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IF 200 -- August 29, 2011 -- 19/20


Brazil, along with other Latin American countries and generally emerging economies, is confronted with accelerating inflation (6.87% in July, year-on-year, well above the 4.5% official inflation target -- prices increased for the 12th consecutive month).    Monetary policy tightening alone seems to be rather ineffective in the government efforts to stem the rising inflationary pressure.    In fact, inflation is still running high despite a 175 basis points increase in the central bank’s reference “Selic” rate in 2011 to 12.5% (10.75% in December 2010).    Meanwhile inflation continues to accelerate, but domestic demand slowed sensibly in the second quarter, as evidenced by retail sales growing only 7.9% year-on-year in Q2:2011, down from the 10.3% pace of a year earlier.    In Brazil, developing economic imbalances could lead to asset bubbles and, eventually, a hard landing following torrid growth in the 2009-2010 years.

Undoubtedly, Brazil has a dilemma. Government spending could hardly be cut, as the newly elected President, Dilma Rousseff, committed to maintain the expensive social programs (successful, so far, to buy social peace and to keep high Brazilians’ approval of government policies).    Moreover, with the 2014 World Cup and the 2016 Olympics fast approaching, Brazil needs to spend heavily to modernize its frail infrastructure -- see also my notes on the INFERENTIAL FOCUS #199.    As a consequence, keeping inflation in check will require more than just monetary policy tightening.    Will Brazil consider as well some unpopular fiscal measures in the future, i.e, reviewing the pension system?


Uruguay’s destiny is intimately tied to its unique geography.    The nation is hugely dependent on its neighboring countries’ ability to continue their economic growth at the current strong pace.    However, should Brazil and/or Argentina be facing a hard landing, or should the European and U.S. sovereign debt crises bring about a global recession, then Uruguay will be affected as well.    The economy of Uruguay is growing solidly, thanks to a favorable fiscal environment, a large and wealthy middle class willing to consume, and an attentive diversification of export markets.    Yet, the country faces an inflation rate running above the upper limit of the central bank’s inflation target rate (6%) and a strong Uruguayan Peso, both of which the Banco Central del Uruguay (BCU) tries to maintain under control with the usual monetary policy tools at hand.    Since the beginning of the year, the reference interest rate has been raised by 150 basis points to 8% and reserve requirements for banks have been also increased.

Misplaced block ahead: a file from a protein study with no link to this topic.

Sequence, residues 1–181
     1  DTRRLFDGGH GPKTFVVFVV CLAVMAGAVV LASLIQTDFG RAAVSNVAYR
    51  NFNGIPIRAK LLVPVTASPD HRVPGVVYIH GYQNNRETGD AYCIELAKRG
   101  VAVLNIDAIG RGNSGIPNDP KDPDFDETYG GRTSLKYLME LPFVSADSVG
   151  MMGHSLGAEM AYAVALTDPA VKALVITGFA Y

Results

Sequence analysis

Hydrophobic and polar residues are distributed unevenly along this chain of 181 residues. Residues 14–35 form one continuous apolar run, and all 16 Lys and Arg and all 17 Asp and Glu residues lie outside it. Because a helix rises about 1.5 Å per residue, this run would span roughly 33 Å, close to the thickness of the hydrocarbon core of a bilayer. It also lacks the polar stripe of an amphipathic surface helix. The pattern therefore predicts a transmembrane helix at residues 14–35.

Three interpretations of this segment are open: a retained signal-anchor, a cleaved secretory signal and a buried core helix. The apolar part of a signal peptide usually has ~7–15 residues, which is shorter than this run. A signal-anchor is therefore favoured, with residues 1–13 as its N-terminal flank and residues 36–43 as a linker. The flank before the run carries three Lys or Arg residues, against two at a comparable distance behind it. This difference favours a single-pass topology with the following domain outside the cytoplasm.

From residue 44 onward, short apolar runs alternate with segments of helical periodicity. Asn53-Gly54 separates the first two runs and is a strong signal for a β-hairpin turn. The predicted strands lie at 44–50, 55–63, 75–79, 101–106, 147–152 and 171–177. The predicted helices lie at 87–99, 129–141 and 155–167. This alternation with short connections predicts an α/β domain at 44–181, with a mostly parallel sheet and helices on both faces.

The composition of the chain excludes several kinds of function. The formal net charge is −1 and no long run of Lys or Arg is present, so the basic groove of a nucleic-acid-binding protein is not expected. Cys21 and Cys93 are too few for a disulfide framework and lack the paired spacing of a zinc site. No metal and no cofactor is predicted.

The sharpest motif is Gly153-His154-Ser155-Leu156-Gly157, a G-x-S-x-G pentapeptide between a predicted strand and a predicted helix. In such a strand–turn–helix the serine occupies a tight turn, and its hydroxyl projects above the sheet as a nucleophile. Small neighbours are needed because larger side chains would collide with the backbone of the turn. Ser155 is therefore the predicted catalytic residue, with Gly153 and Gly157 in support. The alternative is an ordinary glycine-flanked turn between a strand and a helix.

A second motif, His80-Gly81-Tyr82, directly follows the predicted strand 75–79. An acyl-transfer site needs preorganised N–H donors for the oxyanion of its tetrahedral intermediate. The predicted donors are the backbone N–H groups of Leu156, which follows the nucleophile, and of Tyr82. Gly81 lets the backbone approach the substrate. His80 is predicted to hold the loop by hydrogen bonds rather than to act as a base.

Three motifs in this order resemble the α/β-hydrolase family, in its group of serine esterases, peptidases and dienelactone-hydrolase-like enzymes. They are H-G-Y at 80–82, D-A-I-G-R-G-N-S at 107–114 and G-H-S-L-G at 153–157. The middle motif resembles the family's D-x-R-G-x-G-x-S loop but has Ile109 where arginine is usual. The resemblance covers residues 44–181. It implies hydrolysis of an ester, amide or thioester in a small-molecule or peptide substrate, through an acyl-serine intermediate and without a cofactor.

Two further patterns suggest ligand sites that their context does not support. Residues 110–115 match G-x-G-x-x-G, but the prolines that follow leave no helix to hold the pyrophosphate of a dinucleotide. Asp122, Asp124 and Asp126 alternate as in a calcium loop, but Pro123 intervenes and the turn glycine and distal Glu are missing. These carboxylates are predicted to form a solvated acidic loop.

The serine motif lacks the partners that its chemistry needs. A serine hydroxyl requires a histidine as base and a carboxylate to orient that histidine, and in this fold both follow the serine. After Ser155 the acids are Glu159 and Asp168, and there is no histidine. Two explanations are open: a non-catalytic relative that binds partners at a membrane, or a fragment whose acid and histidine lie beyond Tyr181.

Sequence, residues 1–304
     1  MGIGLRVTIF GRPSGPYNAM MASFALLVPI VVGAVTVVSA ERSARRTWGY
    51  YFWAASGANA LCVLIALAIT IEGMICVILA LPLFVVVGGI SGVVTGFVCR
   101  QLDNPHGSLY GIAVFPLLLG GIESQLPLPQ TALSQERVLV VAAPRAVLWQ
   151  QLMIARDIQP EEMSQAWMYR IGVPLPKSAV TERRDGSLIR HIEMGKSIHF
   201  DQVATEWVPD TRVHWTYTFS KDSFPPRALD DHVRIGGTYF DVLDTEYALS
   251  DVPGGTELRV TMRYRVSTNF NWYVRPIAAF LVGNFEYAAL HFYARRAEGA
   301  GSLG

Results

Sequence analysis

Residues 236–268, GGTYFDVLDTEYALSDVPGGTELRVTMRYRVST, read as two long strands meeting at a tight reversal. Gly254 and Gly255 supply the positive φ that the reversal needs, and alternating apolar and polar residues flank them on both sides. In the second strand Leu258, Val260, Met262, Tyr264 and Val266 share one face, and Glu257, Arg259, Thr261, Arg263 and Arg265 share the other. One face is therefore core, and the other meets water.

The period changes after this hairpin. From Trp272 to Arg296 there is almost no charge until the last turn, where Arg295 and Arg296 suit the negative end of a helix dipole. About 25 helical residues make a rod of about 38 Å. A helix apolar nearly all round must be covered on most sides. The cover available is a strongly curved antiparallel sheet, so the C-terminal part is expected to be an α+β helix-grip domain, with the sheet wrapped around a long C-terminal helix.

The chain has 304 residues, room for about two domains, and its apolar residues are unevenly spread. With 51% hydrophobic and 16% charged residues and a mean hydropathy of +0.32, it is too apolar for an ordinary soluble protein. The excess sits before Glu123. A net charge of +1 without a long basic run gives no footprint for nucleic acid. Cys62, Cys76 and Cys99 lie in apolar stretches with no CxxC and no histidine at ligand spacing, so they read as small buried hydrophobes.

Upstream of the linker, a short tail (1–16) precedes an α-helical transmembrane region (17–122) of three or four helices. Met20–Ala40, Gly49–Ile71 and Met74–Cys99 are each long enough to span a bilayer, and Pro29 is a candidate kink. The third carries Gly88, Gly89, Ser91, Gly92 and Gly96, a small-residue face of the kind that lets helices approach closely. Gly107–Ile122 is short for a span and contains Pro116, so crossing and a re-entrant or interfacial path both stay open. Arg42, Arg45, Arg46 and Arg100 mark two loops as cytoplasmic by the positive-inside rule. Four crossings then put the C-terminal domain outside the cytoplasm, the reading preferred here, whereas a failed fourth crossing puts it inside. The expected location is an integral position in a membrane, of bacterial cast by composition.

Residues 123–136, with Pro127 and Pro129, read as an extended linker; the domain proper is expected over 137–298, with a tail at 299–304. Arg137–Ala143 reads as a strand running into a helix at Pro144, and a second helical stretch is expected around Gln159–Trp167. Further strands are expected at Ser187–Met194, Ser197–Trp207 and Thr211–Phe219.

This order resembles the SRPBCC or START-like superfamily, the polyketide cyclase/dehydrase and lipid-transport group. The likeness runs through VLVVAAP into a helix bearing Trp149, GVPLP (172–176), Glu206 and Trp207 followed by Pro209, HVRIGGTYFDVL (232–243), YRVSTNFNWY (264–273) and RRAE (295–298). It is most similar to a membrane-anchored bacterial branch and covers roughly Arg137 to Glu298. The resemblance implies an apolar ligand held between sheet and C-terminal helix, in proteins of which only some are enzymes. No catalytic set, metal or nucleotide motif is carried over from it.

As a consequence of lower commodity prices (Uruguay exports agricultural products) and aggressive monetary policy tightening, economic growth will inevitably moderate during the second half of the current year and in 2012.    Private consumption, which remains a strong driver of the nation’s overall growth, is slowing already.    Fortunately, inflation might moderate too as a result of tame domestic demand and generally lower crude oil prices (Uruguay depends exclusively on imports to satisfy crude oil needs).    As the global economy might suffer a few years of slower growth or stagnation, Uruguay has consistently worked to diversify its trade -- meat is exported to over 100 countries around the world -- in order to be better armed to fight the global crisis pointing its nose on the horizon.

Private debt (households and business) represents only 20% of GDP, compared to the 45% of December 2001, according to BCU’s President Mario Bergara.    The nation’s sovereign debt fell to 57.7% of GDP in the first quarter of 2011, down from the 64.2% of GDP in the first quarter of 2010.    As reported by the local newspaper El Pais, Mr. Fernando Lorenzo, Minister of Economy and Finance, stressed publicly that the budget deficit was reduced to only 1.6% of GDP in 2010, down from 2.1% of GDP in the previous year.    Mr. Lorenzo is confident that state coffers might not need additional external financing (IMF) in the future.    As a result of the rigor exhibited in fiscal policy, the spread between yields on Uruguay’s sovereign bonds and U.S. Treasuries has fallen substantially in recent years.

According to Moody’s, Uruguay’s economy should grow 5.4% in 2012, a level still above trend, even though government might reduce spending, but consumption is expected to continue to drive economic growth.    In the previous years, real GDP growth run at a torrid 8.5% in 2010, following 2.6% in 2009, 8.5% in 2008 and 7.5% in 2007.    Economic growth might have slowed, however, to a 5% pace in the current year.    On July 25, 2011, the rating agency Standard & Poor’s raised its foreign and local currency sovereign credit ratings on the Oriental Republic of Uruguay to “BB+” from “BB” and the outlook was confirmed as “stable” thanks to the implementation of prudent and consistent economic policies.


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